Chicago police arrested more than 100 people Friday night who took to downtown streets to protest the death of George Floyd while in the custody of Minneapolis police.
Police Superintendent David Brown said those protests were initially peaceful, but ended “a little bit more aggressive and intense, where some in the crowd began confronting the police. So we had to take swift action.”
According to Brown, who spoke at an unrelated event Saturday morning, about a dozen police officers were injured, including one whose wrist was broken. About a dozen police cars were damaged across the city, he said.
“We think we hit the right tone as it relates to allowing those who want to express their First Amendment right and crossing the line to property damage and violence,” Brown said. “We took swift action. … Lawlessness has no place in the country.”
There was “some record” of damage to stores downtown, Brown said, but those reports are being investigated.
Mayor Lori Lightfoot joined Brown in calling for peaceful demonstrations.
“I am urging, on behalf of every resident in every neighborhood, that that expression be done peacefully,” said Lightfoot, who appeared with Brown at an event held by My Block, My Hood, My City. “We have a long history of bold, peaceful protest in Chicago.”
Video of Floyd’s death, which has sparked protests in dozens of cities across the U.S., shows a white police officer kneeling on Floyd’s neck for nearly nine minutes as Floyd is on the ground in handcuffs. All four officers at the scene were fired, and the officer who is shown kneeling on Floyd was charged with murder on Friday.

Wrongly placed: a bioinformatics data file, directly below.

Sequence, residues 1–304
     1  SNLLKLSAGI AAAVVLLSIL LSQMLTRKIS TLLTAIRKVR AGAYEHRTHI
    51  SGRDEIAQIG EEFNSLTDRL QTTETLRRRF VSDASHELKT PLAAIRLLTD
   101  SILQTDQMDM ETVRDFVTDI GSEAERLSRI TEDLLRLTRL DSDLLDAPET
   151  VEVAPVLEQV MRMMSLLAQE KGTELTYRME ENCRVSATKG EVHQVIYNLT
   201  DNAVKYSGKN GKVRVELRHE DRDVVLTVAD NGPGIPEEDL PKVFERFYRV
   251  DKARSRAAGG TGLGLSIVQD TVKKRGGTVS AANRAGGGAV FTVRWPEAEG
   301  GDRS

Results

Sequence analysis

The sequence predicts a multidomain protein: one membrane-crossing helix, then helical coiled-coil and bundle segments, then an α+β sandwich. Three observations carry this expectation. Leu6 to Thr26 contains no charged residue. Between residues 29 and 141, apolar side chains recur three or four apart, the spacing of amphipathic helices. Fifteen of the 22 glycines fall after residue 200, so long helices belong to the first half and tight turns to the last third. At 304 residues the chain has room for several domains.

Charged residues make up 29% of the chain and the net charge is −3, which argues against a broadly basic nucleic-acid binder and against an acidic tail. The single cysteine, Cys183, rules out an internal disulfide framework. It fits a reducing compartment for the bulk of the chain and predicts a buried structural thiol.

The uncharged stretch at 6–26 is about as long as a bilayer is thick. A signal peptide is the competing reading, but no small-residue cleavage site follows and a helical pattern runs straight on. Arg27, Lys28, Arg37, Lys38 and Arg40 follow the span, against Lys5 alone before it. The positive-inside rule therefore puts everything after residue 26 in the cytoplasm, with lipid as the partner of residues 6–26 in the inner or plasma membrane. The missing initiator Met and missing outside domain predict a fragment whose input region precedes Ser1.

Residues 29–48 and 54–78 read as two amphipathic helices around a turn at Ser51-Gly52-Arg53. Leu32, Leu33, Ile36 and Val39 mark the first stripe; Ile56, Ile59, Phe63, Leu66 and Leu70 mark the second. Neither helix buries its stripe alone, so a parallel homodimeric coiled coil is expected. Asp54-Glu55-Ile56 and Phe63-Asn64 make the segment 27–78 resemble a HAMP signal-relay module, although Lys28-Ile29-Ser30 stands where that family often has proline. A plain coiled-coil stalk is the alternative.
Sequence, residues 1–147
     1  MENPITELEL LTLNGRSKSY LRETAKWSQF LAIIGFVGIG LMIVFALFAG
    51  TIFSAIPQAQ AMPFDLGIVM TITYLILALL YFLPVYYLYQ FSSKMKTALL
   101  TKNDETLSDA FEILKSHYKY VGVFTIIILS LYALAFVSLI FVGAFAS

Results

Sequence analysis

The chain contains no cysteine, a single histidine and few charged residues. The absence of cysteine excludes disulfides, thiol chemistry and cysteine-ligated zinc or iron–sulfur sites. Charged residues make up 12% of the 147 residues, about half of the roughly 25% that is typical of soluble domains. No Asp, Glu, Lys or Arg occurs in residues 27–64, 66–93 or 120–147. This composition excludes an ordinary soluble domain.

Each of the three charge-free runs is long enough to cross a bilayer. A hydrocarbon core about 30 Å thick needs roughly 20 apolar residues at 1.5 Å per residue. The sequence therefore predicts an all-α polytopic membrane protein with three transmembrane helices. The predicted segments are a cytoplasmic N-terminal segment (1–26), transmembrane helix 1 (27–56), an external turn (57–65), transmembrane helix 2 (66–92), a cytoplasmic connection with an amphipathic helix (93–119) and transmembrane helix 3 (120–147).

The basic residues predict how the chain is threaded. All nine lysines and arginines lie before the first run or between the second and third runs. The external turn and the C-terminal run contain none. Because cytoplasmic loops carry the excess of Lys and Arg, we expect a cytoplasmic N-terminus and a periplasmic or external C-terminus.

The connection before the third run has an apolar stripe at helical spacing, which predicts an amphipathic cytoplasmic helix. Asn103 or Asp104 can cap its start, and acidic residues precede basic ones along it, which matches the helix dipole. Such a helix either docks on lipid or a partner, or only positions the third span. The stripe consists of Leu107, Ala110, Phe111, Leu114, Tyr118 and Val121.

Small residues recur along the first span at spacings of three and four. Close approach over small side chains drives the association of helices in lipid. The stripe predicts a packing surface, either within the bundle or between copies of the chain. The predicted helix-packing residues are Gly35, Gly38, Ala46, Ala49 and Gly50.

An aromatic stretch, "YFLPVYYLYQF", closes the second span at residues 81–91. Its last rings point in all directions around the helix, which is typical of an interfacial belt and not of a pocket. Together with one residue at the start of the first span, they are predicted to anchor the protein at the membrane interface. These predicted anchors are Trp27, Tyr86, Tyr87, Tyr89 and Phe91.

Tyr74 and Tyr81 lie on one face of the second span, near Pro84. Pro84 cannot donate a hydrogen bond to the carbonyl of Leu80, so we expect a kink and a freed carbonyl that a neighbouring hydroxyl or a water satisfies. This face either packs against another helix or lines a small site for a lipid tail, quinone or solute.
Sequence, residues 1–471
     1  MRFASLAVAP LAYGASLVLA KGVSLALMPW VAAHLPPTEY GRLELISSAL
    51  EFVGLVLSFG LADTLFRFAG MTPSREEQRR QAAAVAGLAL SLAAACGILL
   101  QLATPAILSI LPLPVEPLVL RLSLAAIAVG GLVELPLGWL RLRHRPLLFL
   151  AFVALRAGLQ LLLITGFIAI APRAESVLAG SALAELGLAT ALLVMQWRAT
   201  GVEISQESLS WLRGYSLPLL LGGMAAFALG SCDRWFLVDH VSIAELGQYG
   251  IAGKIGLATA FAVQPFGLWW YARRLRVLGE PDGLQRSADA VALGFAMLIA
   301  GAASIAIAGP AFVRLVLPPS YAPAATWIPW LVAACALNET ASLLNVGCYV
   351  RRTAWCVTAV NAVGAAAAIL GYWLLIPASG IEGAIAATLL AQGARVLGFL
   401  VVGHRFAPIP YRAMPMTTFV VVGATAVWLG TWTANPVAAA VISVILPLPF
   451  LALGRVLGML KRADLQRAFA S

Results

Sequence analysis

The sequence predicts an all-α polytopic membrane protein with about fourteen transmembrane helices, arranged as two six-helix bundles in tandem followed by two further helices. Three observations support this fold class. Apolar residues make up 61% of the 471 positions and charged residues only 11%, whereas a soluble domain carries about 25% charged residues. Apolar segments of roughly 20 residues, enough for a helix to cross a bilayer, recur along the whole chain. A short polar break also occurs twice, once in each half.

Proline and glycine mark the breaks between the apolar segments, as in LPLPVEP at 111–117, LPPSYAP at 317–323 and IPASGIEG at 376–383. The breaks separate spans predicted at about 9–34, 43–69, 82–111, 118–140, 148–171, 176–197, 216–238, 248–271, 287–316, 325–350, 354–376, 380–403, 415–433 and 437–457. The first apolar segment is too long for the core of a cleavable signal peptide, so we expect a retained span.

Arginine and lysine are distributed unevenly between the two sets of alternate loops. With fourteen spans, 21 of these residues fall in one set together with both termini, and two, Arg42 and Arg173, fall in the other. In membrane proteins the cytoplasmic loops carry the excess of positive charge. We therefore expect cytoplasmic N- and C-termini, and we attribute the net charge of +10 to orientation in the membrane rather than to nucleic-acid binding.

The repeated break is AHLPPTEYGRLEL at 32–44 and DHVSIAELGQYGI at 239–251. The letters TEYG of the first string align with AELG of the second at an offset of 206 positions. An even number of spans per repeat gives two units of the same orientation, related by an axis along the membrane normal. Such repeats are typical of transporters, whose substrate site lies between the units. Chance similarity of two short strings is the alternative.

Lightfoot called the video “one of the most difficult things” she’s ever seen. “What you see in that video is the life leave him. He died on that street,” she said.
Brown also expressed his “anger and frustration” at the actions of the Minneapolis police officers at the scene. “They are not representative of officers across this country,” Brown said.
Similarly, those who took part in violence and property damage Friday were, Brown said, not representative of “the vast majority of people that protested in a peaceful way.”
That peaceful behavior by demostrators is “our expectation for today, tomorrow and whenever this continues,” Lightfoot said.
“We’re going to give people space to express themselves. That’s what we do in Chicago. But we won’t tolerate lawlessness,” she said.
Lightfoot on Saturday again pointed a finger at President Donald Trump, who she blasted Friday for tweeting “when the looting starts, the shooting starts,” saying it was a clear threat against those protesting Floyd’s death.
“This is hard and it’s not easier when we have a president who is inciting, I think, violence. Let’s be better than him,” she said.